About a week ago I sent out a request via social media for friends to send in a story about their hometown. Tempa is the first one to respond, and you'll see when you read why I am so grateful she did. I met Tempa at a meeting. She had moved to Quitman only a month or so before I returned. Married to a native, she was searching how to make this town her new home.
There are many reasons I am glad Tempa is here, at least a few being we are about the same age, consider writing to be a profession, are doing our best to deal with our children as adults and have found ourselves exploring new territory.
Enough of what I have to say. Here's Tempa.
My town. It rests hidden inside the forgotten outskirts of even smaller towns. It has a hard Sharpie drawn drag of a worn bumpy road. The crumbling pavement with its traffic running to and fro. It points to a way out. Yet, much stays within. The two lane path running through, has a stop light, maybe two. A stop sign here, one or two over there. Boarded up pasts and freshly polished new, it all lines our road that is always running through.
Life within the boarders is much the way liquid sugar clings to the lid on the mason jar's bottle of syrupy sin. The label worn vessel sits familiar and friendly in the center of the wooden kitchen table. Its thickness drizzles in a slow thread over the top of grandma's Sunday dinner cornbread. You try and conform to rule by using a fork, but temptation often over rides. The remaining pieces plucked between fingers in order to devour every crumbled bit. To rid the sweet adhesive evidence, you lick fingers clean. It is of little use, the stickiness of rural stuck to your skin.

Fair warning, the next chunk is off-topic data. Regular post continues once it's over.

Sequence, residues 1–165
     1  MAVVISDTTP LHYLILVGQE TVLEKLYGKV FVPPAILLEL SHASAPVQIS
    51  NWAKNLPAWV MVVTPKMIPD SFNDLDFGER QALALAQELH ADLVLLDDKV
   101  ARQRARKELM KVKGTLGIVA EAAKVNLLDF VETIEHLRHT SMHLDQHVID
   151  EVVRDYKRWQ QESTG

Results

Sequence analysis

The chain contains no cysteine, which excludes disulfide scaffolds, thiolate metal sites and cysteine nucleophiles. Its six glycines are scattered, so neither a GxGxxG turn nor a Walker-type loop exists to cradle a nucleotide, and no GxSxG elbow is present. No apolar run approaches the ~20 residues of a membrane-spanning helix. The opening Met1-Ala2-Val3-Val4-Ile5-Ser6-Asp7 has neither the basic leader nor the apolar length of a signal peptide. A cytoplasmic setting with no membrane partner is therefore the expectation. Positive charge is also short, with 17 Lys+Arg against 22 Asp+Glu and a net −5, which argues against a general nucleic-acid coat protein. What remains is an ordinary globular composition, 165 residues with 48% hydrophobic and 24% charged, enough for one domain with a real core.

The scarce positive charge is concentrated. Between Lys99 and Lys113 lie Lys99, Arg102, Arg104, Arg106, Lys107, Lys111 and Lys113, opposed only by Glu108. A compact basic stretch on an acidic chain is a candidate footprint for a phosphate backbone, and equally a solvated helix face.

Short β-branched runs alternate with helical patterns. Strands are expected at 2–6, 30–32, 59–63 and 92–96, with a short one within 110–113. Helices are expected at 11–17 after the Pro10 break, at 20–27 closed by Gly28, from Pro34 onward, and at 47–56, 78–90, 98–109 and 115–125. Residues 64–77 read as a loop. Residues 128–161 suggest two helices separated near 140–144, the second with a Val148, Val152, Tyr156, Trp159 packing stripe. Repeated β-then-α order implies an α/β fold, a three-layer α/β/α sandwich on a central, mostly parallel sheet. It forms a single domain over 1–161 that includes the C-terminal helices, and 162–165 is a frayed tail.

Family here is as thick as a cold stick of Land O Lakes butter. However, when the contents of the waxed package is laid inside Mama's cast iron skillet and warmed through, the solid melts soft. It covers and conforms to the bottom of the rough black pot. What was once firm, globs, then bubbles and froths. It splatters up and out, staining garments of those standing near. The patches of greasy goodness a reminder of what was prepared that particular day in the cast of the iron of the family pot.
Communities locked tight like a screw turned repeatedly inside a nut. However, over time the grip loosens, the grasp unhinged. As life would have it, something taps along. Something tragic, inspiring or lost. Again the grooves roll, over and over and over again, melding back inside the snugness of the tight-fitted closure. Security has once again settled in.
Landscapes age like ourselves––hard and lined. Then, reward us with burst of broad smiles with the change of seasons, holidays and events young or old. Hedges trimmed, paint chipped outbuildings faded, fields full of livestock or pastures empty with wispy patches of hairy weeds. Things long since gone, but not yet forgotten. The winds blow through hard or breezy. Rains come in a flurry to cleanse, but familiar is unchanged. It sits still, much like a photo buried at the bottom of the family chest. It has faded and looks out of date, but we recognize the place, the time, the people. These things we know.
It is within the sameness that makes it all good. It moves forward, then back, then forward again. We settle into the rocking of the back and forth of our rocking chair. The chair gradually creeping across the rug unnoticed. Only after time, is it pushed back to its designated spot. A place where we can settle in, watch, hum, tap our toe, talk, cry, soothe the young ones and grow older in the encircling sameness. There in our place, this place, our spot, our chair of family and community, we creak to the comforts of teeny tiny lives. As time marches on, others come and go, our borders point inward to this place were we planted seeds and call home.
Thank you, Tempa. This was lovely and comforting and cozy and it feels like home.
If Tempa has inspired you and you would like to put a story here for the world to see then you can send your words or photos or both to sheagoff at gmail dot com.